• Physically fit seniors (defined by peak VO2 values on exercise testing) had better cognitive scores than unfit seniors.29,30
  • Chronic exercise in seniors appeared to improve functional connectivity or cortical activation in cerebral circuits relevant to cognition, measured by fMRI, as well as improving executive cognitive scores.29,31
Caveat: The first 3 entries in the above list could alternatively relate to reverse causality. Those destined to develop cognitive impairment/dementia or earlier mortality may have been less inclined to exercise.
Cortical and hippocampal volume increases with exercise in the general population.
Aging is associated with progressive reduction of gray matter volume, primarily due to progressive loss of synapses and neuropil.3234 Several magnetic resonance brain imaging studies suggest that exercise may counter this trend. Thus, less age-related volume loss in cortex30,35 or hippocampus36 was found among seniors with documented aerobic fitness, defined by peak VO2 on exercise testing. Prospective studies have documented significantly increased cortical gray matter37,38 or hippocampal volumes39 in seniors randomized to 6–12 months of exercise, compared to more sedentary controls. Similarly, walking distances as indices of physical activity were associated with better preservation of gray matter/cortical volumes when followed up 9 years later40; this was also associated with a significantly reduced risk of cognitive impairment. Finally, hippocampal dentate gyrus cerebral blood volume was increased at the end of a 3-month exercise program; both this change, as well as cognitive improvement, correlated with changes in aerobic fitness (peak VO2).41 However, whole brain or temporal lobe volumes in control group subjects did not correlate with aerobic fitness in 2 other studies.42,43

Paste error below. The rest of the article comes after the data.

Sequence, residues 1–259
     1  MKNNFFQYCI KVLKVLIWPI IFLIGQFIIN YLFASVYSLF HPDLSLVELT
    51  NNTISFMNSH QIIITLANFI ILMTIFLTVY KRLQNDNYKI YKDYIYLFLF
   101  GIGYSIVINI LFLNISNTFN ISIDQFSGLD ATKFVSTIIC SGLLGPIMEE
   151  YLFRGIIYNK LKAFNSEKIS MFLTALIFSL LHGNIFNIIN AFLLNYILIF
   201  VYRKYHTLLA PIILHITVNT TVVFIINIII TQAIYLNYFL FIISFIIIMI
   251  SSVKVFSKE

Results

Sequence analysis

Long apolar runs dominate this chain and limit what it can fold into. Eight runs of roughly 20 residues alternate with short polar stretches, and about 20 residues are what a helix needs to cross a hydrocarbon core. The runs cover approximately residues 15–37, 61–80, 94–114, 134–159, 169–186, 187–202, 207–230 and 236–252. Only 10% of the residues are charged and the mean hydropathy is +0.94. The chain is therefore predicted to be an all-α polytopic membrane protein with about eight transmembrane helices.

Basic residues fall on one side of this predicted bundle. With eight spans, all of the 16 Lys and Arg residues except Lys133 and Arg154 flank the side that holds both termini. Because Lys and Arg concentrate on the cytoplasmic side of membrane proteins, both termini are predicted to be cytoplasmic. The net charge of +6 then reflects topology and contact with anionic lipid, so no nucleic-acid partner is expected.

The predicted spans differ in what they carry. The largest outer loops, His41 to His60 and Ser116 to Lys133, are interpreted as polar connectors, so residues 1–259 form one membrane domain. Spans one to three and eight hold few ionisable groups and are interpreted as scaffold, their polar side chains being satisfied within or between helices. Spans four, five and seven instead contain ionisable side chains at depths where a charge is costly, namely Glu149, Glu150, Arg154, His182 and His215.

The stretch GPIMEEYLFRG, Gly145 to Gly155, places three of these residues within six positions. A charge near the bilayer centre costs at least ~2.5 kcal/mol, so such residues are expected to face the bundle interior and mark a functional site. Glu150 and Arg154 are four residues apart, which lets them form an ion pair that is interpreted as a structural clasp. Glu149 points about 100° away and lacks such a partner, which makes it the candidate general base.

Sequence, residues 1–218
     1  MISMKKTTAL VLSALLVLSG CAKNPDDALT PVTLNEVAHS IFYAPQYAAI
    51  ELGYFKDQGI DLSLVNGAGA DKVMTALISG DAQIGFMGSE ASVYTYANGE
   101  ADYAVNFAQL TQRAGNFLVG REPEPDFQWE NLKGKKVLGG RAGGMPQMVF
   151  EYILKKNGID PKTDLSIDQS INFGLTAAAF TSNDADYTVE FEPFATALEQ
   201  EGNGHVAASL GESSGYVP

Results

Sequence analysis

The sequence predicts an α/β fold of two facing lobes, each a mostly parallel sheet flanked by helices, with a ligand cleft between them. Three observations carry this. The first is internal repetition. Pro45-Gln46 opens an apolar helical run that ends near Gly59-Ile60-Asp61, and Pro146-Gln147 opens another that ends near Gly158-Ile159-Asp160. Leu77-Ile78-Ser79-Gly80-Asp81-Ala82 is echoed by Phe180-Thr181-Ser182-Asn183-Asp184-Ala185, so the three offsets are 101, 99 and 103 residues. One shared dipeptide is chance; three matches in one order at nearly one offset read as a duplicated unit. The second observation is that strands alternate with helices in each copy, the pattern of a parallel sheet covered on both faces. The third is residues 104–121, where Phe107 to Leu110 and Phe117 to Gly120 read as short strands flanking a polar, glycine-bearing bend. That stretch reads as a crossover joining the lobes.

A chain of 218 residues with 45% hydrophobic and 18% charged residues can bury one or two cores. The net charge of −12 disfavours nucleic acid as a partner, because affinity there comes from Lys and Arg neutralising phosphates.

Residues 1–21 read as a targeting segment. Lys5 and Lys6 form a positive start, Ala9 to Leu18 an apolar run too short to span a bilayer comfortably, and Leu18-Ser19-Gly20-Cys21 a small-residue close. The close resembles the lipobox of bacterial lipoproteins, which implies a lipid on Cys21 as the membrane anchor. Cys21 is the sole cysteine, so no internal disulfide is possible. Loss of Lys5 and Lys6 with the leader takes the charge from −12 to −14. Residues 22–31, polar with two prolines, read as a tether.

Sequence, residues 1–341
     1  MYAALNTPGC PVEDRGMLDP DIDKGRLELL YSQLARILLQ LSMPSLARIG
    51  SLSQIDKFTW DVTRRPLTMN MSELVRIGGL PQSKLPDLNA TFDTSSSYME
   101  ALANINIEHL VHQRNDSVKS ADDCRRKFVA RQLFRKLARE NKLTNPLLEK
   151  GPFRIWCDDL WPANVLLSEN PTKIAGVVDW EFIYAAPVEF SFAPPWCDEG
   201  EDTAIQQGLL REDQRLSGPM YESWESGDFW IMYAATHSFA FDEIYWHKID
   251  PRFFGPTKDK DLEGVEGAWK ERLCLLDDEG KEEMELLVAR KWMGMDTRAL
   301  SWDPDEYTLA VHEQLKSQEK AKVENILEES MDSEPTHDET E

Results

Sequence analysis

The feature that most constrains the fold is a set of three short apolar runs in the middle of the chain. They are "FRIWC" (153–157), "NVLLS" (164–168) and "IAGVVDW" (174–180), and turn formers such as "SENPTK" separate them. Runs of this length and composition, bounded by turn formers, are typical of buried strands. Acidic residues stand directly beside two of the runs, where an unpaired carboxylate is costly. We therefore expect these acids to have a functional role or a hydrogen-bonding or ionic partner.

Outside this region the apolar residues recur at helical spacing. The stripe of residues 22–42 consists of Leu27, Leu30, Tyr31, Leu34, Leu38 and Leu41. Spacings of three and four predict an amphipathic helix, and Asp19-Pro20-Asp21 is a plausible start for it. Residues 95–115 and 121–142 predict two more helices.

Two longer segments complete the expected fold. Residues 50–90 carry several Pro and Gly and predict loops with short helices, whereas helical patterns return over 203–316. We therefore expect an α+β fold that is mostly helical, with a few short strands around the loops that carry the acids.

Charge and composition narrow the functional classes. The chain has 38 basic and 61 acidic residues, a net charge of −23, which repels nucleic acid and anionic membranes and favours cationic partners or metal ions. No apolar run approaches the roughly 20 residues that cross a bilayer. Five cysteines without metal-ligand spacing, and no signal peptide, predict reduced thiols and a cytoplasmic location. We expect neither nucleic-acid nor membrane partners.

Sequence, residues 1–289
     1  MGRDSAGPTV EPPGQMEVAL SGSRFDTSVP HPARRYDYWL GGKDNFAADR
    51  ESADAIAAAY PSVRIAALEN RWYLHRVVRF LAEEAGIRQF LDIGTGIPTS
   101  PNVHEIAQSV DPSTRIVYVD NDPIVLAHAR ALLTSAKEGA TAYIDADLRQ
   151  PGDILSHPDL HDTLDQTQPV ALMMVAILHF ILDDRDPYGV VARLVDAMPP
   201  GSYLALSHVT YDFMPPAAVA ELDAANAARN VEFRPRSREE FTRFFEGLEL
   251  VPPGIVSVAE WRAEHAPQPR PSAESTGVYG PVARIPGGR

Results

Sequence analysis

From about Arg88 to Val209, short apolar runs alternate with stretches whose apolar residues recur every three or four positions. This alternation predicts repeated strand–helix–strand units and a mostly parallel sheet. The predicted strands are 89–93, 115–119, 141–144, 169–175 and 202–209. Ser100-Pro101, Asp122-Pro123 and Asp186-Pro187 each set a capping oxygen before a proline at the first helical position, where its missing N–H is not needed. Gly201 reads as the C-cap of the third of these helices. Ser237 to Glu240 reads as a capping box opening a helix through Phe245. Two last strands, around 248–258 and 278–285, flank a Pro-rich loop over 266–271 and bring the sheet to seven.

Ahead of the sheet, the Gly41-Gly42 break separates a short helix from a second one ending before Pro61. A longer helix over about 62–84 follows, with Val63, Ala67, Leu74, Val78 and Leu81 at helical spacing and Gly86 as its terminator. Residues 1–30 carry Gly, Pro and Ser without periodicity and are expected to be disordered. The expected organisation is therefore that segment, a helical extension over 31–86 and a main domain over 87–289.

AD brain atrophy is significantly less among those with cardiorespiratory fitness.
Brain MRI volumetric measurements have revealed progressive brain atrophy in AD, especially affecting the temporal lobe. However, this is attenuated with maintained physical fitness, documented by peak VO2 values during exercise testing. Thus, in patients with AD, peak VO2 correlated with whole brain, white matter, and temporal lobe volumes.42,43 Parenthetically, in a transgenic mouse model of AD, 5 months of exercise significantly reduced brain β-amyloid concentrations.44
Evidence from animal studies indicates that physical exercise enhances brain neuroplasticity and elevates certain neurotrophic factors. This may be relevant to patients with PD.
Protective effect of exercise in animal models of parkinsonism.
Multiple studies have documented that vigorous exercise in animal models of parkinsonism mitigates the effects of the dopaminergic neurotoxins, 6-hydroxydopamine (6-OH-DA) and 1-methyl,4-phenyl,1,2,3,6-tetrahydropyridine (MPTP), with evidence for a neuroprotective effect. In these rat/mouse studies, exercise is controlled, using running wheels or treadmills; in the case of unilateral 6-OH-DA to create hemiparkinsonism, cast immobilization of the good limb forces use of the affected limb. This literature may be summarized as follows.
Unilateral nigrostriatal 6-OH-DA to induce hemiparkinsonism
  • Parkinsonian deficits are markedly attenuated or reversed by exercise,4547 although with one exception48:
  • Parkinsonian deficits are reversed by forced used of the affected limb (casting of the unaffected limb).4951
  • Nonuse via cast immobilization of the parkinsonian side significantly exacerbates the deficit.50
  • Markers of integrity of the dopaminergic terminals45,47,49,50 or neurons47 suggest a neuroprotective effect from exercise, although this was not confirmed in one study.46
Systemic MPTP to induce generalized parkinsonism
  • Parkinsonism is attenuated by exercise.45,5254
  • Limb immobilization exacerbates the parkinsonian deficit.55
  • Markers of dopaminergic terminal integrity suggest exercise sparing from neurotoxin damage or sprouting of new terminals.45 Conversely, immobilization results in significant further reductions of terminal markers such as vesicular monoamine transporter–2 (VMAT2).55 Other studies, however, failed to document increased tyrosine hydroxylase or dopamine transporter expression with exercise.56,57